MUSIC REVIEW : Dominguez Closes Seal Beach Fest : * With much personality and attentiveness, the pianist offers classical standards for the final concert of the 17th annual event.


In these days of faceless, objective pianism, a pianist with a personality-- any personality--is something to be thankful for. Albert Dominguez is such a pianist. Even when the individuality of his approach seems at odds with what he is playing--as it sometimes did on Tuesday--one can always admire the attentiveness of his playing.

Dominguez, well known in the area for his work with the adventuresome Southwest Chamber Music Society, offered a program of classical standards for the final concert of the 17th Seal Beach Chamber Music Festival, at McGaugh School. This was reportedly his 14th consecutive year in the festival.

One is seldom overwhelmed by the drama of Dominguez’s playing or the intensity of his feelings. His readings are perhaps best characterized as nervous, a result not of any uneasiness on the part of the performer, but of his compact phrasing, abrupt accenting and quick tempos, his constant detailing. This tautness hardly ever vanishes. One is rarely left breathless by the results, but always interested.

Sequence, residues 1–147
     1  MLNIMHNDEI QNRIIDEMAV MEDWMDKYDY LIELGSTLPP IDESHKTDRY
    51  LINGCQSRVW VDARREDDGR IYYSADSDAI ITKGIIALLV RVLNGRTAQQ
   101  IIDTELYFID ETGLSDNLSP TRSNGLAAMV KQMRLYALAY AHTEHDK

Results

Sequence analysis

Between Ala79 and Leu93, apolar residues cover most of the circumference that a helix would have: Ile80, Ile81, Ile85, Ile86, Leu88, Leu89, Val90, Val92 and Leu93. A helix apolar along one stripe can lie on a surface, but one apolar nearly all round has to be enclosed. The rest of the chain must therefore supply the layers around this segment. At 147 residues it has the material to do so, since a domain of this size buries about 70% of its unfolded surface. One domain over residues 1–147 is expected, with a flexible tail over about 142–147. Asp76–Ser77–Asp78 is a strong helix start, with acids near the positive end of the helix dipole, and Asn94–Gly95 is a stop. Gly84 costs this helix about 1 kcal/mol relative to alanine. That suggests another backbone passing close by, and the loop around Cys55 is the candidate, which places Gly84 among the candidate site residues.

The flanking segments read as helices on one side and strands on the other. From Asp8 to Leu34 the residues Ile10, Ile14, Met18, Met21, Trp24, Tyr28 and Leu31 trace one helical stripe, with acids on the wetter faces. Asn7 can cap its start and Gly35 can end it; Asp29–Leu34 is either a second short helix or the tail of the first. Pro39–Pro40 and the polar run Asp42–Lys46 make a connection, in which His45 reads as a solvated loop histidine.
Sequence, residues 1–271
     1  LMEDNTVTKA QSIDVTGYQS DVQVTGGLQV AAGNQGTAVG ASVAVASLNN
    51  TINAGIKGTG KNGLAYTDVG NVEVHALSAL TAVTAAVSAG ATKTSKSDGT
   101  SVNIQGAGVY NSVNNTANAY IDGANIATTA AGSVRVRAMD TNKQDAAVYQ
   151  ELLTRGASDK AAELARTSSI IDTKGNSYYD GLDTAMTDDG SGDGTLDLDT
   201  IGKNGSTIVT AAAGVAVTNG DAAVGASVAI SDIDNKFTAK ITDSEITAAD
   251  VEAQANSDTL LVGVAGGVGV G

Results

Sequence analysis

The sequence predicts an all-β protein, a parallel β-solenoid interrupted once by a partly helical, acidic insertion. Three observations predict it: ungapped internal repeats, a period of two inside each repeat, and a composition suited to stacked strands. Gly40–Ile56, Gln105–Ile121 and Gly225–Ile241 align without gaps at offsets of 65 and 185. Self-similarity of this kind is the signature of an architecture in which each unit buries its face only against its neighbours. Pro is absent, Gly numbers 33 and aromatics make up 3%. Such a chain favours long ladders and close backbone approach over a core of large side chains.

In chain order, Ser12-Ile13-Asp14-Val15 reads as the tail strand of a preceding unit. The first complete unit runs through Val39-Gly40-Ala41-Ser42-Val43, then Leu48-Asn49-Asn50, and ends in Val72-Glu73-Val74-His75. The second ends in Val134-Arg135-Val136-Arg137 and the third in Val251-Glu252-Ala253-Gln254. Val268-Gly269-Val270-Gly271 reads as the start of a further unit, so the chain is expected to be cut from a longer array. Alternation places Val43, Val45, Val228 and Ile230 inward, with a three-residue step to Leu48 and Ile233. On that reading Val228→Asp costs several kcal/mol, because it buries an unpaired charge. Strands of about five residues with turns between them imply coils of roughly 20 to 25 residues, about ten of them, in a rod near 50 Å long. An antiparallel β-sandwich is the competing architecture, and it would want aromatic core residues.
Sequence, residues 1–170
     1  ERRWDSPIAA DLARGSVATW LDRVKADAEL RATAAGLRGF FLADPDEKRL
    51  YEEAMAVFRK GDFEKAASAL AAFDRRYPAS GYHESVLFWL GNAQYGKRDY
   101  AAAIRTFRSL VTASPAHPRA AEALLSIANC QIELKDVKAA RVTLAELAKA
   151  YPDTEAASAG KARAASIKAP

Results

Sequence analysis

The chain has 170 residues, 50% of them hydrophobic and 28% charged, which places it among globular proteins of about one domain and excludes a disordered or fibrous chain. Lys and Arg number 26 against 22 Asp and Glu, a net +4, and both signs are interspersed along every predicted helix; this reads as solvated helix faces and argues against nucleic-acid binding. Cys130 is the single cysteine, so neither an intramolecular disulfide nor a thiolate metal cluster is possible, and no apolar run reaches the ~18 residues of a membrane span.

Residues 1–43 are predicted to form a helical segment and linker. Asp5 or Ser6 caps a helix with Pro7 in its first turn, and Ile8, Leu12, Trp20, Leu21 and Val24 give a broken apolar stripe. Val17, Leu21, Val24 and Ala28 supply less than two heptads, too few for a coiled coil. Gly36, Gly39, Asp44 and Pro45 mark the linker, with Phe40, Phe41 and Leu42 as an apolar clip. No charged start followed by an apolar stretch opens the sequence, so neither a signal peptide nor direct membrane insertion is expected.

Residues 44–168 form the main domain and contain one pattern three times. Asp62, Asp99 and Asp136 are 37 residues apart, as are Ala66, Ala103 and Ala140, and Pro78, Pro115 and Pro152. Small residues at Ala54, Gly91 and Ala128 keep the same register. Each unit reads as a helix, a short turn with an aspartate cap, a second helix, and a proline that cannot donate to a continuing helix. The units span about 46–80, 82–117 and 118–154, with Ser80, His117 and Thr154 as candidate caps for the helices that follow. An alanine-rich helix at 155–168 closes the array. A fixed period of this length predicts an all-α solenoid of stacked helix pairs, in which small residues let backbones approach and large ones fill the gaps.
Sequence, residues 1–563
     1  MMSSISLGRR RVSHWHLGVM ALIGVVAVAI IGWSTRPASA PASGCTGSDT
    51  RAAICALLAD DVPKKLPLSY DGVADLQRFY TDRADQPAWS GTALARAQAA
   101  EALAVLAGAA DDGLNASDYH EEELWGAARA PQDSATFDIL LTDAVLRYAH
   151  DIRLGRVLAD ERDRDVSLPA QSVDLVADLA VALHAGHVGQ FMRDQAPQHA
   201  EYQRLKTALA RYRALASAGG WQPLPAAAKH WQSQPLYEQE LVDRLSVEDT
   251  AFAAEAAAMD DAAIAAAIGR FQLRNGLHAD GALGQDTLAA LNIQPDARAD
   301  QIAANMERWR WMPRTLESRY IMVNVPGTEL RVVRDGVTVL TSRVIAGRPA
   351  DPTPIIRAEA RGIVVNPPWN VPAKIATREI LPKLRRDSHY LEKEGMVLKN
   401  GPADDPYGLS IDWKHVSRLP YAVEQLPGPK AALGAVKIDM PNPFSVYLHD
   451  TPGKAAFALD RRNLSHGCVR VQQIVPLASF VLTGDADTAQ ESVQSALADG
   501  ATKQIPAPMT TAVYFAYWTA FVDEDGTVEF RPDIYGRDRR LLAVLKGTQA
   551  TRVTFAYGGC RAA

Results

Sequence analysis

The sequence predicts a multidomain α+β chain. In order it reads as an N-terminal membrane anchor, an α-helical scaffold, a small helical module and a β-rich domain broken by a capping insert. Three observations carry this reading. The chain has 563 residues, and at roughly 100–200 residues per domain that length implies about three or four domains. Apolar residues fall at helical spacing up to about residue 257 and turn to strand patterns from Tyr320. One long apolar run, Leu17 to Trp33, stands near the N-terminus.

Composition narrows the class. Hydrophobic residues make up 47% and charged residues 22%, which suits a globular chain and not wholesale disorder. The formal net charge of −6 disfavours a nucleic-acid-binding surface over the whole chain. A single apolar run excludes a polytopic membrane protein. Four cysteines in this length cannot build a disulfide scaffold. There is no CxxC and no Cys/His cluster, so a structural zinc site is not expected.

Perhaps best served Tuesday was the most familiar work, Beethoven’s “Moonlight” Sonata. In crafting each phrase individually and denying climax, Dominguez made the opening movement introductory to the sonata as a whole, not a piece complete in itself.

His curtly inflected playing underlined the rhythmic crosscurrents of the Allegretto. Though an excessive use of pedal muddied some the finale’s virtuosity, it was an otherwise speedy and urgent reading.

Similarly, in a Chopin group--including three Etudes, the C-sharp-minor Mazurka, and the Waltz in A-flat, Opus 34--Dominguez controlled every nuance; melody lines were pointed, tempos energetic. His readings eschewed some of the grandeur inherent in these works perhaps, but certainly proved viable.

Liszt’s “Mephisto” Waltz, however, seemed pushed, fidgety rather than devilish, though confidently executed. He brought clarity of texture to Debussy’s “Estampes” and a wide variety of touch to two excerpts from Prokofiev’s “Romeo and Juliet,” while evoking no especially vivid images.

He opened the concert with two Scarlatti sonatas, L. 238 and 465, the first revealing Dominguez in an uncharacteristically relaxed and gently singing mode.